Social glue - the missing
ingredient in folk dance clubs?
Some small folk dance groups seem never to
take off, others die, some are revived. What are the secrets of success?
Here is one email sent to a couple of small
groups in Exeter following a number of poorly attended evenings. I suggested to them that
the missing ingredient might be 'social glue'. This idea follows from why Gittisham Folk Dance Club has been so successful over more than
10 years. The history of the club and other aspects of running a dance club are discussed in this section of my website.
The email was sent immediately following a
superb contra dance evening with some visiting members of ICBINI (I can't believe it's not
IVFDF) - most of them were talented young women. Jeremy Child called the dances - it was
simply the best dance evening I can remember since IVFDF in Coventry in 2016.
Social glue: a missing ingredient?
I agree last night was superb - pity they can't all be like that with such divine dancers
(the women that is).
Some of your 'regulars' have been discussing that it seems hardly worth continuing unless
more people can come - one point is that it makes getting partners difficult for people
who come alone.
Increasingly, I only go to dances where I know I have at least one 'assured partner' -
preferably a good dancer too. It doesn't worry me if there is only one square set in the
room, so long as I have someone who likes dancing with me and is not 'forced into it'. A
whole evening doing dances like Colin Hume's 'Busy Busy Busy' or Seasick (you promised we
could do it sometime!), even with only one square of competent dancers, would be fine by
Personally, I hope it does continue, I can come on 9 Dec if you get a viable number. There
is Aylesbeare as well that night which can attract quite a few (5+) contra dancers.
Aylesbeare is regular, it's a known quantity. Despite being all 'older people' Ted gets a
really fun atmosphere sometimes and always with interesting dances.
Your events can be well attended or sparse - no telling in advance. Aylesbeare ranges from
18 to 32, usually 24 to 26 out of a possible total of maybe 38/40 - but there is never an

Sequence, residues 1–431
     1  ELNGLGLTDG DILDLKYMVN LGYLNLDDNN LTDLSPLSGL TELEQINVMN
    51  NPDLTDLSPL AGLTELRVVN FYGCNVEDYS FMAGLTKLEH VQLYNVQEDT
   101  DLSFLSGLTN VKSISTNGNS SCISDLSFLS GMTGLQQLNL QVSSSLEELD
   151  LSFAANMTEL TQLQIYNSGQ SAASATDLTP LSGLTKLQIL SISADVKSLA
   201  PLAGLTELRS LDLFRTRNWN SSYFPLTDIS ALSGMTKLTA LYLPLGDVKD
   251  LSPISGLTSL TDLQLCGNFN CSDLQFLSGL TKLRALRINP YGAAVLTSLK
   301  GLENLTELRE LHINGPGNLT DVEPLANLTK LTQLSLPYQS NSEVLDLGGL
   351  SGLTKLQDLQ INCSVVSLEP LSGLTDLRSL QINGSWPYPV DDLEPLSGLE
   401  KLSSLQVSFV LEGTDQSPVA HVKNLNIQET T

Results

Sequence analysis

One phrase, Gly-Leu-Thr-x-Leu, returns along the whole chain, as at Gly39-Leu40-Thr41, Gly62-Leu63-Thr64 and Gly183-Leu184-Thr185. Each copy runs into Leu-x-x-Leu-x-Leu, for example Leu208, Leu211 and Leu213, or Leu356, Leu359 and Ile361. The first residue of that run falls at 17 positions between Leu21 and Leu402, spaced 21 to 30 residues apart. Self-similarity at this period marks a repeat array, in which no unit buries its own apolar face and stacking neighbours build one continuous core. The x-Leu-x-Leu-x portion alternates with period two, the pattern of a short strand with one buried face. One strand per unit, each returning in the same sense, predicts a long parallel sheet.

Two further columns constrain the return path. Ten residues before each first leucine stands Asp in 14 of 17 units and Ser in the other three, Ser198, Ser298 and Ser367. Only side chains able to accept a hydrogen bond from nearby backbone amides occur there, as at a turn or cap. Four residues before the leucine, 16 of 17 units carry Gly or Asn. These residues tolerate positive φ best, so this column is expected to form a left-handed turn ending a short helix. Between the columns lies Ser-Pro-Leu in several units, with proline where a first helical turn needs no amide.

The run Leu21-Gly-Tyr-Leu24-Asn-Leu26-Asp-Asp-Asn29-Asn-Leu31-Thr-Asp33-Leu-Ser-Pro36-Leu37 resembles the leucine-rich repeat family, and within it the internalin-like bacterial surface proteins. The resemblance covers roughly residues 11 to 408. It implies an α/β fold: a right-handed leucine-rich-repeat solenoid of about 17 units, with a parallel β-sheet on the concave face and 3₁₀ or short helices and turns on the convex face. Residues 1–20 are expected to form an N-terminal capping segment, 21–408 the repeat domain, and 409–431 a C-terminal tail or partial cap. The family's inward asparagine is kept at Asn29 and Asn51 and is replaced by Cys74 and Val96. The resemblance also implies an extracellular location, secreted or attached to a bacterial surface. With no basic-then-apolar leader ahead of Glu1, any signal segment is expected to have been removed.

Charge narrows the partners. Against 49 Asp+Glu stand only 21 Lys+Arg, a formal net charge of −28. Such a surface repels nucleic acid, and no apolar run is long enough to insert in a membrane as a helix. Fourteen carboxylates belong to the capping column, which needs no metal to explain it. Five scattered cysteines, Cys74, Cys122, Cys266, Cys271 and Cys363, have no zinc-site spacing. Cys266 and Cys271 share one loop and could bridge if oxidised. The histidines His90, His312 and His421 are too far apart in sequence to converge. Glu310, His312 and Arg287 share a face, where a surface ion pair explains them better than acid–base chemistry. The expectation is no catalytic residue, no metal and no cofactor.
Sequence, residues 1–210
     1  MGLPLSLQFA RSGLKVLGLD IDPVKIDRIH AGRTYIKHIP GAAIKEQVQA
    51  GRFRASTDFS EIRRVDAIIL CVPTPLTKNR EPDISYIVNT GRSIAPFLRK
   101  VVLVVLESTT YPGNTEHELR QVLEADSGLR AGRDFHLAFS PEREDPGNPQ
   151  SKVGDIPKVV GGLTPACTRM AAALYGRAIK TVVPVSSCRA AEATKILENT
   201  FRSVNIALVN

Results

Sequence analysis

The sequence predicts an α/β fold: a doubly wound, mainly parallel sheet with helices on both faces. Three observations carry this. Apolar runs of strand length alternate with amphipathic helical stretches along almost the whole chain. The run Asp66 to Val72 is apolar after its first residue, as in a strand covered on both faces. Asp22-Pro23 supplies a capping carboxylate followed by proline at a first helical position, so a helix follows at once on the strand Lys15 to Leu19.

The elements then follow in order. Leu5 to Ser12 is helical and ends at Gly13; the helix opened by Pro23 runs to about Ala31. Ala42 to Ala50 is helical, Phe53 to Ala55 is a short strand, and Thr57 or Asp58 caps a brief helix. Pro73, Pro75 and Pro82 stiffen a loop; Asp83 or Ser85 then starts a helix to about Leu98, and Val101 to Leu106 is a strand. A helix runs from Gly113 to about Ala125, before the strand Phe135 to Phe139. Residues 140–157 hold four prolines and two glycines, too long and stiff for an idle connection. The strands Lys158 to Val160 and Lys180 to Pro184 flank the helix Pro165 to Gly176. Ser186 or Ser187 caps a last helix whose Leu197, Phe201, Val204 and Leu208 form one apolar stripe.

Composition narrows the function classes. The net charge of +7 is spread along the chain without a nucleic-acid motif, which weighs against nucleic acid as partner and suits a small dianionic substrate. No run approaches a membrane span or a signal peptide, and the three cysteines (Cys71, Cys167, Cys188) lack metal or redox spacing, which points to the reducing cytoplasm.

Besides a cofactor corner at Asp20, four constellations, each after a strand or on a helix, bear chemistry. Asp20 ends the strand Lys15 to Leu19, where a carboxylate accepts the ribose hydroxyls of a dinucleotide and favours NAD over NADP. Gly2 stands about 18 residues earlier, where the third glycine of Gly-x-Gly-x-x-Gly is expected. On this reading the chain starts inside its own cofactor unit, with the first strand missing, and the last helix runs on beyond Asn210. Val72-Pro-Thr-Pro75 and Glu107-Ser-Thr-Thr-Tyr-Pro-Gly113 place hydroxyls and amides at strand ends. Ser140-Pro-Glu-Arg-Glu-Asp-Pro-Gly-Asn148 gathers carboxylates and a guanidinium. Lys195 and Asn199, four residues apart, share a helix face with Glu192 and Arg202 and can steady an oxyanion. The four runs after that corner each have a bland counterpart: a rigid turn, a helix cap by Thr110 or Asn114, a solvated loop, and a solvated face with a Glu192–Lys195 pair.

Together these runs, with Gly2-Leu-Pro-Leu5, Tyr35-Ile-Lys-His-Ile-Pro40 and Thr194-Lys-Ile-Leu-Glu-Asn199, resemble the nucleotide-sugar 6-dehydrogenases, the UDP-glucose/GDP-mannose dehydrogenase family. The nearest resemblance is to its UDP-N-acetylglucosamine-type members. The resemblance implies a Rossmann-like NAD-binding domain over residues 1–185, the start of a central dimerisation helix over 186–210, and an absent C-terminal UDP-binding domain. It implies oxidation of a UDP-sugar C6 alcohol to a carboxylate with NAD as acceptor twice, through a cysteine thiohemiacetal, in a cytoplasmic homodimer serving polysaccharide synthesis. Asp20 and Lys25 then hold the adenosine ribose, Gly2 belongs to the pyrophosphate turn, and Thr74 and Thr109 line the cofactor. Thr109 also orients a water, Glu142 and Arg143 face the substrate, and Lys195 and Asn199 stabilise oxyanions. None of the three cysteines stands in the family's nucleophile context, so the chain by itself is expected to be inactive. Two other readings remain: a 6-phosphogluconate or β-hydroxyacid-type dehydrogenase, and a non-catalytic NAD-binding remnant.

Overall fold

evening when everyone turns up. Gittisham has c. 60 members, generally 22 to 36 attend.
I believe both Exeter Contra and Contra Ceilidh have much the same problem - lack of a
secure base of 'regulars' and this must include viable partners for those of us who often
go alone. There are several regular events that are so dominated by 'couples who never
split up' that several single people (including single women) avoid them primarily for
I was discussing at Willand the demise of several folk dance clubs - one encouraging
example from Somerset is where a club member persuaded 20 or so of her 'keep fit' class to
try folk dancing. It is working, so I was told. The key point here is that they all felt
immediately at home having some existing 'social glue' to make them feel comfortable.
This 'social glue' is largely lacking from both Exeter Contra and Contra Ceilidh -
something both you and Julie might like to consider. Maybe you should centre some
marketing on local keep-fit clubs and offer a group of (say) 10 or 15 members a block
booking at a 30% discount? Then arrange to pair them off with existing good dancers for
the first half of the evening so that they can more easily learn the basic moves.
Rather too many words as usual.....
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Folk dance section
Folk festival reviews 2016
Gittisham Folk Dance Club